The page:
This can, perhaps, be called the issue of sociobasis: what the basic mechanisms of social change and maintenance, as well as the interface between intentional action and social structure, are. An example is argument. Argumentation is oftentimes unintentionally taken as a sociobasis; that is, it is often thought that a convincing enough or well thought out enough idea, with some charismatic communication, is what drives social change and is the basis on which society is shaped. It being the most conducive to the artform, film and television push this understanding of society and politics- shows like The Newsroom and The West Wing are great examples. These depict fast-talking experts running rhetorical circles around their dishonest opponents, or giving impressive and heartfelt speeches, all as the main part of their jobs as politicians, the supposed administrators of government and through that the shapers of society. A different tack is celebrity- the “example” of high-exposure individuals, whether this is through “problematic” scripts in TV shows, or the fact of a visible office being filled by a person of one identity or another, are taken as both signs and drivers of change by many active on social media.
Confucius, as another example, takes tradition to be the sociobasis. For him, it is not the visibility of famous individuals, the persuasive appeals of a leader, or the interpretation of actions in public that matters as much as it is the consistency of action with a considerate set of norms and rules. Other modes of social influence exist, but these are chaotic and non-structuring. They may promote certain of the individual’s interests, but even this is to their and society’s ultimate detriment. The way that intention is fed into order is through repeated and ritualistic behaviour, which then brings forth the necessity for an individual hoping to positively influence society: the study of tradition and the training of the will. Flexibility, conniving, popularity, wealth, signs of success, confidence, a broad base of support- these are not the focus of a philosophy with ritual as its sociobasis.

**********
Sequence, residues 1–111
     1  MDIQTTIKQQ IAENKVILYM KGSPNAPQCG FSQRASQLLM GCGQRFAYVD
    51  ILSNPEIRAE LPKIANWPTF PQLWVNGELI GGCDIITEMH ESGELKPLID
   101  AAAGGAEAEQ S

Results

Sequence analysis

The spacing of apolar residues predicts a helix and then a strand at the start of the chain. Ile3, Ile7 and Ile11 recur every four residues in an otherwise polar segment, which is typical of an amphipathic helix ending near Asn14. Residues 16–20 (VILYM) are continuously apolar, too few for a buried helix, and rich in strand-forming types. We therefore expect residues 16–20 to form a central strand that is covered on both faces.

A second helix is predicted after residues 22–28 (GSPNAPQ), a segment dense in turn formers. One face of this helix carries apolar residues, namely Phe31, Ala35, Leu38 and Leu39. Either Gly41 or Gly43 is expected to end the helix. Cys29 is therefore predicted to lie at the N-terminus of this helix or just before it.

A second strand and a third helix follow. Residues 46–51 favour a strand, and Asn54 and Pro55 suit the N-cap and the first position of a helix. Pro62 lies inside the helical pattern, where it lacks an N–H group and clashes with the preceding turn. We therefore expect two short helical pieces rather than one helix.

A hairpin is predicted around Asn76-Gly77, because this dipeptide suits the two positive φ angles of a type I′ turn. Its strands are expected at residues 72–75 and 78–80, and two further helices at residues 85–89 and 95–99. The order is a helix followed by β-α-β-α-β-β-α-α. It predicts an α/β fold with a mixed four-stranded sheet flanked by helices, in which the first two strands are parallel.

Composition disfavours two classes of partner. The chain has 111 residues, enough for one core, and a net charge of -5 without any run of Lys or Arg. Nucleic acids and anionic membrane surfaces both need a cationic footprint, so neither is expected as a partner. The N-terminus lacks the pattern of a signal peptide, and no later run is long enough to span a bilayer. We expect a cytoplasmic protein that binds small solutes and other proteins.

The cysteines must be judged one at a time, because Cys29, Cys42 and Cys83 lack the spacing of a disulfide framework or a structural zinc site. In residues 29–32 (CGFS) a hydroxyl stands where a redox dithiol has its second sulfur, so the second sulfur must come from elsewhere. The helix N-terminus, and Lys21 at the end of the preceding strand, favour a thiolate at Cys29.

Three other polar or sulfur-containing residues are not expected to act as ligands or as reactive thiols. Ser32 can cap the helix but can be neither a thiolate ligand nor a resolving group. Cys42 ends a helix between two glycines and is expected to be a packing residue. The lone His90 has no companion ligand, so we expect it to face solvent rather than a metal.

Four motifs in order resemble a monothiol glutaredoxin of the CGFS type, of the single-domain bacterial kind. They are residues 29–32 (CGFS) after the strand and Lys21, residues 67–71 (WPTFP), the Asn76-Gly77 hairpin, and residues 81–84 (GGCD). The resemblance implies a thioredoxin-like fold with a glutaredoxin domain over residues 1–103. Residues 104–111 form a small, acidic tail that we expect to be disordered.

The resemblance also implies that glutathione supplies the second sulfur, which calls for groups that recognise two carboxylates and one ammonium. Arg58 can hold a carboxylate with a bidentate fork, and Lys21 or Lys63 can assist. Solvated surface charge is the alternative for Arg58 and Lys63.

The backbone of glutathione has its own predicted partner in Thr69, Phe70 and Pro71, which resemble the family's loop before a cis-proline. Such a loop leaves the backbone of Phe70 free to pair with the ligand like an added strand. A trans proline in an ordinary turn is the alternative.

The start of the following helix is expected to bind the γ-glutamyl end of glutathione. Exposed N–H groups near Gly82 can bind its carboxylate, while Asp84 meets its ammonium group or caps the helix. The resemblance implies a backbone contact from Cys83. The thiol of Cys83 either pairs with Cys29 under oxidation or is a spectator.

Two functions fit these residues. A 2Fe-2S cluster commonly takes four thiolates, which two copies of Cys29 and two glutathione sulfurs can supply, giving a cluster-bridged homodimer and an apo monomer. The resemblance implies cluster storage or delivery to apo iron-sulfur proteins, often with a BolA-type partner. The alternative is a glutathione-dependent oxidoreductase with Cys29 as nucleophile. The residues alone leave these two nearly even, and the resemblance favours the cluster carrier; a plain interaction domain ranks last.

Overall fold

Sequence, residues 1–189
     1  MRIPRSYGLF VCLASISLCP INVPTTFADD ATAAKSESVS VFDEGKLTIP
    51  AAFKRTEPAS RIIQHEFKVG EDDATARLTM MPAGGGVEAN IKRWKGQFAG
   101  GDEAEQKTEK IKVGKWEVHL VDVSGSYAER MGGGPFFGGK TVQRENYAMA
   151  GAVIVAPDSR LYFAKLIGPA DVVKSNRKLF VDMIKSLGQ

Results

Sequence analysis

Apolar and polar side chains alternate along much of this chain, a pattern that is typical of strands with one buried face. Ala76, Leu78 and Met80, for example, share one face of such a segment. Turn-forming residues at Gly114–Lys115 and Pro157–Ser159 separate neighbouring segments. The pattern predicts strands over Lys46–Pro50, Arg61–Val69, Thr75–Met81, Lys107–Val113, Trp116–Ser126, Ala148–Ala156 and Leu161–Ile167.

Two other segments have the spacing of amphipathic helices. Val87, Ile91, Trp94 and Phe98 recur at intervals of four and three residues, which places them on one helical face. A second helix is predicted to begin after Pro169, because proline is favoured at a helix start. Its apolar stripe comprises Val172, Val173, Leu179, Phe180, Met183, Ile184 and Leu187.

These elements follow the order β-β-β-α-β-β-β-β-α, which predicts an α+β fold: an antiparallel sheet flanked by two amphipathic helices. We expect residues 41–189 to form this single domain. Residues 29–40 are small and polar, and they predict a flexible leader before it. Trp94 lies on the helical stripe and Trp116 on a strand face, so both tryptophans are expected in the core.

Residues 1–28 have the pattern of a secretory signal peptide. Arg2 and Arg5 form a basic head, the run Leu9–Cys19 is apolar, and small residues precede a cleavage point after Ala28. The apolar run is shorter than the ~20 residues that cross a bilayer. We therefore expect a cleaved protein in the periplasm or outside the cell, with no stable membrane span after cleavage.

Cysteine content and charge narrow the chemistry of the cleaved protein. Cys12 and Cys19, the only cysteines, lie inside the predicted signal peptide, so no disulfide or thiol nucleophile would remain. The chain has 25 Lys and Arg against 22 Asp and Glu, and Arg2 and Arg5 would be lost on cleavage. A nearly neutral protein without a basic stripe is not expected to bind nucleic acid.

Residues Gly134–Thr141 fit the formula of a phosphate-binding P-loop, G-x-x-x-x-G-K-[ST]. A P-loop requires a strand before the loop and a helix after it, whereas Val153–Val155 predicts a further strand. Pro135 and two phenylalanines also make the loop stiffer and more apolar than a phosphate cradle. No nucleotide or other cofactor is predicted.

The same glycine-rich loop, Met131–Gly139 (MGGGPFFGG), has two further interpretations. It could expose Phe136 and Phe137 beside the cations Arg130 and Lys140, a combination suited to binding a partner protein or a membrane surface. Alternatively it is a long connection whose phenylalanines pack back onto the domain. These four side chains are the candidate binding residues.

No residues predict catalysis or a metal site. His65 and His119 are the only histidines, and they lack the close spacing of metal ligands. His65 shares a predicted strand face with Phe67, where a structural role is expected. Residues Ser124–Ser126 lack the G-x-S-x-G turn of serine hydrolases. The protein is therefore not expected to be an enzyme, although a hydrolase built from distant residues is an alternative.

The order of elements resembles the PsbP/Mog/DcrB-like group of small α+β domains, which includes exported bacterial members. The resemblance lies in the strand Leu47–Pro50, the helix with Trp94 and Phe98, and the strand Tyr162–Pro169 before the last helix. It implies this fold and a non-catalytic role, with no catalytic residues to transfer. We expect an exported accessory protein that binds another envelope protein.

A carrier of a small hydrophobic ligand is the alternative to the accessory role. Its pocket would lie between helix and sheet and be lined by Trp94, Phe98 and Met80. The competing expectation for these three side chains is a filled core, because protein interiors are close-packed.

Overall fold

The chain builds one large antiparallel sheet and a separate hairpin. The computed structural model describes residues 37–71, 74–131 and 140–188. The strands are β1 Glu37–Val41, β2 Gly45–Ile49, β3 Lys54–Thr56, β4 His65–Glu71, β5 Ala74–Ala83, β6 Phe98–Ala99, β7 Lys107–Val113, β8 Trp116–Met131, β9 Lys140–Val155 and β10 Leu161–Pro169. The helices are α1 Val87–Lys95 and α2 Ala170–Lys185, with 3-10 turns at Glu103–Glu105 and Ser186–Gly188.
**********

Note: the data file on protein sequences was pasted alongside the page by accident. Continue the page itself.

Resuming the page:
What is valuable about the delineation of this concept is that it allows us to look at our actions and pursuits, and link them up with our social aspirations. The neglect of the sociobasis can both make views that differ on this point unintelligible to one another, and leave those adopting the conclusions without adopting the sociobasis feel powerless to realise the oughts they recognise must be enacted. In other words, the sociobasis sets the rules on how we are social agents with influence; recognition of the sociobasis is the only way to adding intentionality to our influence, at least as seen from the perspective of the philosophy holding the aforementioned sociobasis.
What this means is that the correct identification of the sociobasis is key to intentional participation in the structuring and/or maintenance of society. Understanding how actions and intentions of individuals filter into institutions, movements, structures- the general issues of society that are worth worrying about- is how we can move our ideas of how the world should be into ideas of how we should get there.
 Confucius, Analects, trans. Edward Slingerland (Indianapolis: Hackett Publishing Company, 2003), 198.